Tag der Deutschen Einheit : A glimpse at the history of an economic giant
German Unity Day or the National Day of Germany falls on October 3. It signifies the unification of the former German Democratic Republic and the Federal Republic of Germany on October 3, 1990 which was the culmination of a series of historical events that erased the hallmarks of the cold war era, and more prominently symbols created after the two world wars.
It is an interesting story going back to the very formations of Germanic people settling on the present borders, and more recently in the 19th century when Germany was unified in 1871. In fact ‘German Unification in 1871 under Otto Von Bismarck’ was in the curriculum of studies in history at Sri Lankan schools.
The ideal of ‘unity’ in modern times originated in the middle of the 19th century among German people but due to two world wars Germany was divided into parts, mainly after the second world war, to two States, the Federal Republic of Germany and the German Democratic Republic. But the Germans who are optimistic and resilient never gave up on uniting their much-loved nation. Their hope was fulfilled, this time in 1990, with the fall of the Berlin Wall on November 9, 1989.
As the history of this great land was closely linked with the European warsfought to acquire territory the people celebrated different national days. In fact what was more important for the country was not so much the national day but the process of nation-building in the face of external threats.
With the fall of the wall, Germany unified the western and eastern segments and some wanted that particular day as the national day, which is November 9. It was realised that November 9 coincided with the announcement of the proclamation of the German Democratic Republic in 1948, and also the defeat of Adolf Hitler’s first coup to usurp power in 1923.
The Germans want to forget these events linked with Hitler in modern times, so they do not give pride of place to even the time lines connected with him. The pogroms against the Jews in Germany started with the burning of Jewish Synagogues on Kristallnacht also known as the crystal night when hundreds of Jewish businesses were attacked on November 9, 1938 by the Nazis, leaving the streets strewn with broken window panes. However, the country had different days of national celebration in that era.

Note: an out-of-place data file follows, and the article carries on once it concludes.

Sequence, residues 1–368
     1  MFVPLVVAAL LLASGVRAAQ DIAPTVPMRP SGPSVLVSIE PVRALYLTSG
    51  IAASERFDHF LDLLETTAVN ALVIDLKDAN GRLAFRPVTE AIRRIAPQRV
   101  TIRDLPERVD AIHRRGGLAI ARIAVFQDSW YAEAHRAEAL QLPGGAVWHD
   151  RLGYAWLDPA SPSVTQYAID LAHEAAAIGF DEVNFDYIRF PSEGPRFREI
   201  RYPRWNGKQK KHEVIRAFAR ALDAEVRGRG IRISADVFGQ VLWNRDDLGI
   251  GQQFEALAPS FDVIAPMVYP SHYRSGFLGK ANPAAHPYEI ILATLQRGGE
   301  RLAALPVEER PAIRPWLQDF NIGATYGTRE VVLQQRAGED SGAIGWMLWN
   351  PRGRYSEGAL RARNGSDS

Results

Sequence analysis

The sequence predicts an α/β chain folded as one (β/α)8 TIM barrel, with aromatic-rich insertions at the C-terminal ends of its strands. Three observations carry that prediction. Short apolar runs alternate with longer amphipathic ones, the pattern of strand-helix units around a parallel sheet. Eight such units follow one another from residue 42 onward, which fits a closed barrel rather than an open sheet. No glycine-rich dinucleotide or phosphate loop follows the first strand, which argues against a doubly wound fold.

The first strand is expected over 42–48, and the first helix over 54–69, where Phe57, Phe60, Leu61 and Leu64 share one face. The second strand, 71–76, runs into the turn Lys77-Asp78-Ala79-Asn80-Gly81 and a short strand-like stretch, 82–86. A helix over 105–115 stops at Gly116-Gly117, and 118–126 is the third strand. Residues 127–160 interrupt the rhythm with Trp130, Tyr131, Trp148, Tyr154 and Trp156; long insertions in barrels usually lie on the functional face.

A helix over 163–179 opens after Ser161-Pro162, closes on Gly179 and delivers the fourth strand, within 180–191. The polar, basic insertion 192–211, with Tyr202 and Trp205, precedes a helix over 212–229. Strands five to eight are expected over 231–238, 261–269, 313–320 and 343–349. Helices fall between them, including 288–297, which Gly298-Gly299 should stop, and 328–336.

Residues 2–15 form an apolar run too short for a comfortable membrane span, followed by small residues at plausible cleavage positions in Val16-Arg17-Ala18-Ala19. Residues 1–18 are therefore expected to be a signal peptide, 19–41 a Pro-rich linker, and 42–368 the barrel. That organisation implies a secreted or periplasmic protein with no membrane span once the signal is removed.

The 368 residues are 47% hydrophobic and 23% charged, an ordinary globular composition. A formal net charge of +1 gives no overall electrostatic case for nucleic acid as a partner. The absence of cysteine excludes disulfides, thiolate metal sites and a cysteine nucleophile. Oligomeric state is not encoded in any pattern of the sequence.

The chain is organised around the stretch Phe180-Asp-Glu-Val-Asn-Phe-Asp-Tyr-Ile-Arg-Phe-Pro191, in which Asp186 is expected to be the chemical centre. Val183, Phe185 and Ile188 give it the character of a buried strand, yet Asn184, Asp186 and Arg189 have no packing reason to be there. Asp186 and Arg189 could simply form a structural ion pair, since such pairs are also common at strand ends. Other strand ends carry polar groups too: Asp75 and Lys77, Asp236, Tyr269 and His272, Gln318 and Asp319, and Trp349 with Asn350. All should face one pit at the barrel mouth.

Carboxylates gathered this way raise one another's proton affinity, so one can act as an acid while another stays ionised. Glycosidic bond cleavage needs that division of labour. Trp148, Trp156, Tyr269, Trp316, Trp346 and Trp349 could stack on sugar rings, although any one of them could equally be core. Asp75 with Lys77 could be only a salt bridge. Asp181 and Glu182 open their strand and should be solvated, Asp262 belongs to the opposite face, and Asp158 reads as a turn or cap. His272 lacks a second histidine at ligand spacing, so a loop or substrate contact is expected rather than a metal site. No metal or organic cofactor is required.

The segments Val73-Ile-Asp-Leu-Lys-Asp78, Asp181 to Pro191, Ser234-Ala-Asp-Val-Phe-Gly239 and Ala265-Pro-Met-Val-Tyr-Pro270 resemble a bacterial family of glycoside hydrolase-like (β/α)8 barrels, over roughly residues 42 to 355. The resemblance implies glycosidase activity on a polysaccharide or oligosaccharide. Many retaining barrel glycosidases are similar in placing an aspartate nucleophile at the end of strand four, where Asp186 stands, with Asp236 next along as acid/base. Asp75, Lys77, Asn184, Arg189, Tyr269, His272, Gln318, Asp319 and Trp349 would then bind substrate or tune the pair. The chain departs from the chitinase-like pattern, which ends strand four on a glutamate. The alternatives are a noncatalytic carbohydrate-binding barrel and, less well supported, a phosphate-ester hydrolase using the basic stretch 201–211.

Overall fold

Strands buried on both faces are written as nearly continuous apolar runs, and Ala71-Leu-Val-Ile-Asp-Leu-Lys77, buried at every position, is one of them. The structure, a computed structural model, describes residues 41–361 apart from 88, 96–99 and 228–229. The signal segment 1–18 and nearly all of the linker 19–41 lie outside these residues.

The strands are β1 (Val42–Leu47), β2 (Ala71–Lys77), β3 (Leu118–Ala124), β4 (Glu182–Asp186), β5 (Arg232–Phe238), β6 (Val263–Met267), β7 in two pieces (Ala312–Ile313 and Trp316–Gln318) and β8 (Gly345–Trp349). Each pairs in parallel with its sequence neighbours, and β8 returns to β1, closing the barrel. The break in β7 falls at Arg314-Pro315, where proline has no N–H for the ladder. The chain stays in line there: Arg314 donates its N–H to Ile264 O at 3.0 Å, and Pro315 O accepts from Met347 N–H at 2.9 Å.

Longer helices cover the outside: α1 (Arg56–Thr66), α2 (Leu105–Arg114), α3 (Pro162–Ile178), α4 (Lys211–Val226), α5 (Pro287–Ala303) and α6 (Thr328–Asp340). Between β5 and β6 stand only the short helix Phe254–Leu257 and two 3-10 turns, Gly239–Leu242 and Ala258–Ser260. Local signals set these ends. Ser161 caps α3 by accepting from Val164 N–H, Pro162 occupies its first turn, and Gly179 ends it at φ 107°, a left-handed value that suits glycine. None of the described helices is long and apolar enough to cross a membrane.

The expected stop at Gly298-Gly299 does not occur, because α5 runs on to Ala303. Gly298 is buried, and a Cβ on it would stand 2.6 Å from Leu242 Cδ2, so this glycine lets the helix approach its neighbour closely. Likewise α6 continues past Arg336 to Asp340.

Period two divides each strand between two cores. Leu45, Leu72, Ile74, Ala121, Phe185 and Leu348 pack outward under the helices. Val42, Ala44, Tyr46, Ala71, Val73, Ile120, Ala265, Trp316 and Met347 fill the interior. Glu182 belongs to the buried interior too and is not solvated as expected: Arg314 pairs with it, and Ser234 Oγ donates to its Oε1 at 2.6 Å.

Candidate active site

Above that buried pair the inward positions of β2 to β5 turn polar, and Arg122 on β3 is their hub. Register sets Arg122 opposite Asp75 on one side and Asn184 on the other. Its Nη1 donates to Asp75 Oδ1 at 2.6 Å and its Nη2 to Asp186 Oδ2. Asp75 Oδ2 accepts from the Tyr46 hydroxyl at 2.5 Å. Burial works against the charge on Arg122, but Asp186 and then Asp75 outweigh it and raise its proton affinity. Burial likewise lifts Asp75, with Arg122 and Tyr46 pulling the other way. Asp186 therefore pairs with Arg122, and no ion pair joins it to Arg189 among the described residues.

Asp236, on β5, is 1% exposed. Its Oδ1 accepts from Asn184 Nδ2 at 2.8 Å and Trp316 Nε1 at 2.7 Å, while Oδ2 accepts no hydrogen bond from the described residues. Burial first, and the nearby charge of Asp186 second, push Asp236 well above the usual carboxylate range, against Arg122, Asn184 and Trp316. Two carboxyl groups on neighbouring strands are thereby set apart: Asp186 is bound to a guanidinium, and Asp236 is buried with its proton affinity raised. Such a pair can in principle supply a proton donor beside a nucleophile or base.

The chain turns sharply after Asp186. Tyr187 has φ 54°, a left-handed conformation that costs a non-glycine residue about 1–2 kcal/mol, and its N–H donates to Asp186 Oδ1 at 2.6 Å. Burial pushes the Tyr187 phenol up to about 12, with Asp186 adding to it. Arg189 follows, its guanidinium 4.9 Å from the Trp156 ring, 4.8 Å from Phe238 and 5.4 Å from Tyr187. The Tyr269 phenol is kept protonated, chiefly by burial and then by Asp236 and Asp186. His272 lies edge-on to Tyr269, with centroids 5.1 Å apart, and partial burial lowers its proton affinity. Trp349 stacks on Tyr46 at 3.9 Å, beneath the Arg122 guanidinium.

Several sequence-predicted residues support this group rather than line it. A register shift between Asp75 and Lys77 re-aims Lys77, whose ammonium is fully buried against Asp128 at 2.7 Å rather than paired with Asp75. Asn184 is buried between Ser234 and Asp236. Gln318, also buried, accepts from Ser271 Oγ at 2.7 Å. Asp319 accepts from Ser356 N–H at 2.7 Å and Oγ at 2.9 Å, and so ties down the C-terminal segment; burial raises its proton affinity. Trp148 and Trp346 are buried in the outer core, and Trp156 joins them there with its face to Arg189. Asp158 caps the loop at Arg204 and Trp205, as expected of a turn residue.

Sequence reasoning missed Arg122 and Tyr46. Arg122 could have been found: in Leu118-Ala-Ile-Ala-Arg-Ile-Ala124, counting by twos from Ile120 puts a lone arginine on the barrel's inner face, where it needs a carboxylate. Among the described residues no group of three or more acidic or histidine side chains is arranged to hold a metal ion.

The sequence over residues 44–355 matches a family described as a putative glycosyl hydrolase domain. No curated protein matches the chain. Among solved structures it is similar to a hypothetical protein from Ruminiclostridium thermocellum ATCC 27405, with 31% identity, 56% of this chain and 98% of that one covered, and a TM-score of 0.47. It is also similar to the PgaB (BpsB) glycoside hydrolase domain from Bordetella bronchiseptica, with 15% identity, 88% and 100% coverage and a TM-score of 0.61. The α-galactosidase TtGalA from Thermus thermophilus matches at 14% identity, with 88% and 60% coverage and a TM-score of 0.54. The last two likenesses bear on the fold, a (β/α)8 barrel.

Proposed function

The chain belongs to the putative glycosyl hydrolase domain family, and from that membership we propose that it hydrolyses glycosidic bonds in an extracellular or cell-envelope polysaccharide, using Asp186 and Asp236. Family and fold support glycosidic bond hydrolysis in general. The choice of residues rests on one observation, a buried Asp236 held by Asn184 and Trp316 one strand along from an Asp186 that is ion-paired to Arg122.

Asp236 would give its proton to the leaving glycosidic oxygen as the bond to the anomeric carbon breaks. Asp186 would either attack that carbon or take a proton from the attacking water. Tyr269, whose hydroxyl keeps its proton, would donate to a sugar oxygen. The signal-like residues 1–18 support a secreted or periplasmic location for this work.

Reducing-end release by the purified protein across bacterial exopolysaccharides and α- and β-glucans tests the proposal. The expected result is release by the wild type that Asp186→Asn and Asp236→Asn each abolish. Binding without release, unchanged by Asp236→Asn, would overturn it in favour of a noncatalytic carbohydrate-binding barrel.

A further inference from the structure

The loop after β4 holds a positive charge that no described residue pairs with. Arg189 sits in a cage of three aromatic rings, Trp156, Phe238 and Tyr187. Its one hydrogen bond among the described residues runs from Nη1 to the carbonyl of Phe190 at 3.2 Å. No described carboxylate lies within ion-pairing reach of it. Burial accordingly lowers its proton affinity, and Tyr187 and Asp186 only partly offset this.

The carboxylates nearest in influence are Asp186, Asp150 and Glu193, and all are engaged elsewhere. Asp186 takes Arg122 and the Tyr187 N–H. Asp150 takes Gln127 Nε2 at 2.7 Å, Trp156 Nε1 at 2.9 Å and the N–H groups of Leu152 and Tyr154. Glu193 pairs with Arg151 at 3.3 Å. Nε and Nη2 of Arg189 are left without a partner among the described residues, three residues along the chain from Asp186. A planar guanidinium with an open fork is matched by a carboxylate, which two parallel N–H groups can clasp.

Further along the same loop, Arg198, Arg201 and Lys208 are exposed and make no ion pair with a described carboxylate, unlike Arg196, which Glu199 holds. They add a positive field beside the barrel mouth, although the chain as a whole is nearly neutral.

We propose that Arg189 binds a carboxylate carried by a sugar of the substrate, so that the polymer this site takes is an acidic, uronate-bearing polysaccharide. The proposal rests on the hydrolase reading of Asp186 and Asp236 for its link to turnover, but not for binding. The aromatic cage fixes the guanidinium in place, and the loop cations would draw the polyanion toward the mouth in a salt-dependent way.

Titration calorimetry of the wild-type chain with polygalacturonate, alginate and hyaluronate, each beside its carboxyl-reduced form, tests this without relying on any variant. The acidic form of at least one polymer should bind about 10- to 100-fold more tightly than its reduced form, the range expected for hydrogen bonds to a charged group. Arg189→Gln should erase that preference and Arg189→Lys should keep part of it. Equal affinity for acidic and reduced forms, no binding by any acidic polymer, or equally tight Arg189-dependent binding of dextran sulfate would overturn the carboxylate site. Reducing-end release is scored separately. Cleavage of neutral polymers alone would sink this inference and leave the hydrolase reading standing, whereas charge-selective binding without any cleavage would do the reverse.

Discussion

German history towards unity can broadly be categorised as follows:
The world of small principalities was how historians have identified the early period, before the 18th century. But the Germanic tribes crossed over via the Rhine into France and northern Europe as far back as 58 B.C. when Julius Caesar was expanding territory.
It is interesting that the Europeans, the French, the English and Germans were fighting against the Romans, to save their territory. There were the Angles and the Saxons who conquered England, the Franks settled in France, and founded the French nation. The Saxons and Frisians settled in the present northern Germany, and Franks in the west, the Thuringians in the centre, and the Swabians or Alemanni and Bavarians in the south. These tribes had moved from their civilizational roots in Southern Eurasia, called the AraloCaspian Depression.
They moved north to Europe and formed settlements. Of course, there were conflicts among them and also wars against external powers like the Romans.German historians like to call the transition to nationhood in the early era as being ‘From the world of estates to the world of the bourgeoisie’.(from a book on German history). The settlers in Europe were converted to Christianity, and were brought under the Holy Roman Empire of the German nation, and it had a sense of cohesion. The German tribal groups were ruled in the 8th century by Charlemagne who was crowned by the Pope in 800 A.D. His court was in Aachen and the domain included all France, Western Germany, Northern Italy and Austria.
He extended the empire to the east, but on his death the empire was split up among his sons. During this period France and Germany got divided, and the German princes chose the succeeding emperors, who were given the title ‘Electors,’ but they could not create a strong German kingdom, under the Holy Roman Empire.
They quarrelled with the Popes on policy issues, and fought among the principalities, for supremacy. Historians mention Frederick Barbarossa (1152-1190) as one ruler who brought some unity among the principalities but his successors were unable to keep up the momentum; only his grandson Frederick 11 (1212-1250), was able to bring in artists, poets and scholars around the court and created colour in the administration.
Rudolf of Hapsburg in 1273, after his crowning created the Habsburg rule in Germany till 1806. This was considered a period of unity in Germany. Frankfurt, Mainz, and Cologne, became important trading centres, Hamburg, Bremen, and Lübeck rose as flourishing ports. German arts and architecture developed and the formation of the Hanseatic League, with these centres was a significant event. Famous cathedrals, Cologne, Strasbourg, Worms and Ulm became important architectural monuments.
However there was unrest among Catholic religionists on the non-religious factions of the church in Europe and John Huss in Prague started preaching that there should be reforms in the church but he was burnt as a heretic; this movement spread to Germany and a monk from Wittenberg, Martin Luther wrote his famous notice against the church and pasted it on the university church door in 1517, giving momentum to the reformation movement but he was expelled from the church; it resulted in the emergence of the Protestant church and there were quarrels between the two religions in Germany and also in the whole of Europe. It engulfed Europe in the Thirty Years’ War (1618-1648). It was both a religious war as well as a war for regaining power from the church of Rome. The Swedes under Gustavus Adolphus took the lead and the French, occupied Alsace as one of their territories. Germany was devastated in this war, and they lost lands and also authority.